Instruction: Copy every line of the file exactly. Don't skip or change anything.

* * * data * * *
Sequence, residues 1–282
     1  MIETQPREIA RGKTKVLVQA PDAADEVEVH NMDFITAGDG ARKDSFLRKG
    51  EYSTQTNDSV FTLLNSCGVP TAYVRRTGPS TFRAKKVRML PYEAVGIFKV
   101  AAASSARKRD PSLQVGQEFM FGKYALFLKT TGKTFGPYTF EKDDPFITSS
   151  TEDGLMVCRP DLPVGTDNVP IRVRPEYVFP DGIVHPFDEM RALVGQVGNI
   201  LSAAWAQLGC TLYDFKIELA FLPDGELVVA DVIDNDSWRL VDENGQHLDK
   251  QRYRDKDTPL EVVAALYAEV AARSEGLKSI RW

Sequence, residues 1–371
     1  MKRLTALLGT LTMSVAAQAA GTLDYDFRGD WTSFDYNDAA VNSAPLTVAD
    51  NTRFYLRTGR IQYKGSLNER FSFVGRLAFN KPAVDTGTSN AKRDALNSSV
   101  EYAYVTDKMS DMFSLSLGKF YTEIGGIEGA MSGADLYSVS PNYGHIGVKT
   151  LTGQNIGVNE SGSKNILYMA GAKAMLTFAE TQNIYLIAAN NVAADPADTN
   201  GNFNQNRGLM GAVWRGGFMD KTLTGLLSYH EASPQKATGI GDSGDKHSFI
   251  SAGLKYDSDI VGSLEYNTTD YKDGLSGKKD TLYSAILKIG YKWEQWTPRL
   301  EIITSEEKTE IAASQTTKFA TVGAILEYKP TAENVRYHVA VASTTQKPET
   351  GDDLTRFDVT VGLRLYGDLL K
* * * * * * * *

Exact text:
Sequence, residues 1–282
     1  MIETQPREIA RGKTKVLVQA PDAADEVEVH NMDFITAGDG ARKDSFLRKG
    51  EYSTQTNDSV FTLLNSCGVP TAYVRRTGPS TFRAKKVRML PYEAVGIFKV
   101  AAASSARKRD PSLQVGQEFM FGKYALFLKT TGKTFGPYTF EKDDPFITSS
   151  TEDGLMVCRP DLPVGTDNVP IRVRPEYVFP DGIVHPFDEM RALVGQVGNI
   201  LSAAWAQLGC TLYDFKIELA FLPDGELVVA DVIDNDSWRL VDENGQHLDK
   251  QRYRDKDTPL EVVAALYAEV AARSEGLKSI RW

Sequence, residues 1–371
     1  MKRLTALLGT LTMSVAAQAA GTLDYDFRGD WTSFDYNDAA VNSAPLTVAD
    51  NTRFYLRTGR IQYKGSLNER FSFVGRLAFN KPAVDTGTSN AKRDALNSSV
   101  EYAYVTDKMS DMFSLSLGKF YTEIGGIEGA MSGADLYSVS PNYGHIGVKT
   151  LTGQNIGVNE SGSKNILYMA GAKAMLTFAE TQNIYLIAAN NVAADPADTN
   201  GNFNQNRGLM GAVWRGGFMD KTLTGLLSYH EASPQKATGI GDSGDKHSFI
   251  SAGLKYDSDI VGSLEYNTTD YKDGLSGKKD TLYSAILKIG YKWEQWTPRL
   301  EIITSEEKTE IAASQTTKFA TVGAILEYKP TAENVRYHVA VASTTQKPET
   351  GDDLTRFDVT VGLRLYGDLL K